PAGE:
Or, for that matter, a few extra days of proofing it in your vegetarian commune yurt.

I have a firm policy for my editing clients and myself: NEVER overnight ANYTHING to an agency or publishing house unless the RECEIVER is paying the shipping costs; instead, I use the USPS’ Priority Mail, which is infinitely cheaper. Packages with overnight stickers on them are NOT attended to more quickly than those that do not; Priority Mail packages with REQUESTED MATERIALS written on the outside are opened just as fast.

Because of the industry’s peculiar sense of time, where having your manuscript be on the top of someone’s to-read list might mean he’ll read it tomorrow and it might mean it will still be propping up fifteen other manuscripts on his desk four months from now, I also always advise writers to refuse to give any agent, even the best in the world, an exclusive look at any book.

An exclusive, for those of you new to the term, is when a writer agrees not to show a manuscript to anyone else while an agent is trying to make up his mind whether to represent it.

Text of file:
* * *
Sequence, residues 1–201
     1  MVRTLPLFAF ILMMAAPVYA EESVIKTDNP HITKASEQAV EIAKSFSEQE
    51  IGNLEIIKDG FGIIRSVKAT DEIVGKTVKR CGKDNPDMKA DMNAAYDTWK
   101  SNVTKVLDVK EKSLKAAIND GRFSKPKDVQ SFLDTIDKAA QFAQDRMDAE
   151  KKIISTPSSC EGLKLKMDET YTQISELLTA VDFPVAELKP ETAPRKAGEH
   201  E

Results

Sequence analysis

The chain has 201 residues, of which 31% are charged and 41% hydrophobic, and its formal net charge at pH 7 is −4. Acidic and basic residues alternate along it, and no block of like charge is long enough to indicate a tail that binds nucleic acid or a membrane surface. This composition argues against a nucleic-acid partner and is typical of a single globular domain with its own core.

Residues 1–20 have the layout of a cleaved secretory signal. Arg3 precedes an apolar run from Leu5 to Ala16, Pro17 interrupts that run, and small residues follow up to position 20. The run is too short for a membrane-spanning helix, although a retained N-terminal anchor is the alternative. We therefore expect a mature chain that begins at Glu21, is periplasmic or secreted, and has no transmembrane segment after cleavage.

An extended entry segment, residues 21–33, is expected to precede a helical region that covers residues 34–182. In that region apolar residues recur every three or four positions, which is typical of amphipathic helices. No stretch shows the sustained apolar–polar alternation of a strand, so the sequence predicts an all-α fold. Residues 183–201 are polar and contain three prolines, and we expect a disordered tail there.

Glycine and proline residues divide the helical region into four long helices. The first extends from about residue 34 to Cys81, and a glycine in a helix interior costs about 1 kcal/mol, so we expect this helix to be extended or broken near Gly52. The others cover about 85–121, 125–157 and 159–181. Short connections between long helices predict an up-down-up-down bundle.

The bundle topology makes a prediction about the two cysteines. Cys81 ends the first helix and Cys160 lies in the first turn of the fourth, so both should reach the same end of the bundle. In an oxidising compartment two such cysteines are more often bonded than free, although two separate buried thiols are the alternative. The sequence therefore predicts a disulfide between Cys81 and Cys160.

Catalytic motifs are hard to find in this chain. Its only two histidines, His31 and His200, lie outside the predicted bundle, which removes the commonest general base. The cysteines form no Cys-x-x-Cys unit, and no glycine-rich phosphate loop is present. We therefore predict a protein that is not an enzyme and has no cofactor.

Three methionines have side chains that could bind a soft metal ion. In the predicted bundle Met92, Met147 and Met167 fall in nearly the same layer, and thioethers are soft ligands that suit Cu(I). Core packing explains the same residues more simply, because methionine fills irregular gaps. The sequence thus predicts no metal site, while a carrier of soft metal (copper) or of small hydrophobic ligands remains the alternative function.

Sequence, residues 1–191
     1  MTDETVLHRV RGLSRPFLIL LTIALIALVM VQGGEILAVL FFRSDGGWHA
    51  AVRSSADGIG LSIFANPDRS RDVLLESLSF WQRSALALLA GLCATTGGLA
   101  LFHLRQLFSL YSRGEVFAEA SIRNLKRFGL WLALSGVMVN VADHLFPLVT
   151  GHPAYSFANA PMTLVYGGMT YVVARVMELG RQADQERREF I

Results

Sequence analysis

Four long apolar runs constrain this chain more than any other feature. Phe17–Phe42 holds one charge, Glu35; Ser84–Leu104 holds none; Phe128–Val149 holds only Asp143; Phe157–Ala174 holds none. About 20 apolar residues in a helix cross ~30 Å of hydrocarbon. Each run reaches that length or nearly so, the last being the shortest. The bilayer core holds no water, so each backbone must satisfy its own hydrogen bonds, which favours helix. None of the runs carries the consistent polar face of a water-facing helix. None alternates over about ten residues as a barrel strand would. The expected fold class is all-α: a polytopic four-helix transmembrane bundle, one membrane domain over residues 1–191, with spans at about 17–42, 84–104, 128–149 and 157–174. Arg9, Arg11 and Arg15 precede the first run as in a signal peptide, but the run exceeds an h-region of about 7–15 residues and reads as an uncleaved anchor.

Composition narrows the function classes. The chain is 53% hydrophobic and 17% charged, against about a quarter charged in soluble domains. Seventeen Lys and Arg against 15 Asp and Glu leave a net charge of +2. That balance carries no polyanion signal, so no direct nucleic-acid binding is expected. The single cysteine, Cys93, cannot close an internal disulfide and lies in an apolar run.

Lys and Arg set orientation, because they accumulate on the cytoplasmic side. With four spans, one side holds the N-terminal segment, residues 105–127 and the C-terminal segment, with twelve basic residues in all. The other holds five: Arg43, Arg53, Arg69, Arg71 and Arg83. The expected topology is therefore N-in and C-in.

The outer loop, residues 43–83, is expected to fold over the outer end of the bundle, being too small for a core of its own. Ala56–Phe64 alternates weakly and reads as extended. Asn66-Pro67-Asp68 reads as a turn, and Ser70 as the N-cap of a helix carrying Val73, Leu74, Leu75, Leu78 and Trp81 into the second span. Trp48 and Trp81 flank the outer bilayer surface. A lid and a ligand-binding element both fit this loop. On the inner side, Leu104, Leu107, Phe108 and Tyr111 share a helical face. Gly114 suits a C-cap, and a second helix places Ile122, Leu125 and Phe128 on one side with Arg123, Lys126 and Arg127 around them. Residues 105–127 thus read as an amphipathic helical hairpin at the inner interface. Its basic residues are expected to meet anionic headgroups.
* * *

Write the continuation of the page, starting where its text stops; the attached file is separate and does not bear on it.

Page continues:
It is almost never in the writer’s interest to agree to this — all you are doing by granting it is making sure that no other agent at the conference can beat the one you’re promising to the punch. It’s tying your hands so you can’t send your work out to anyone else, while at the same time depriving the agent of any possible incentive to read it quickly, since he knows that there’s no competition over the book.

Just say no.

In fact, it’s a VERY good idea to send submissions to every agent and editor who requests them simultaneously — and mention in your cover letter that others are reviewing it as well. This often results in a quicker read on the agency end.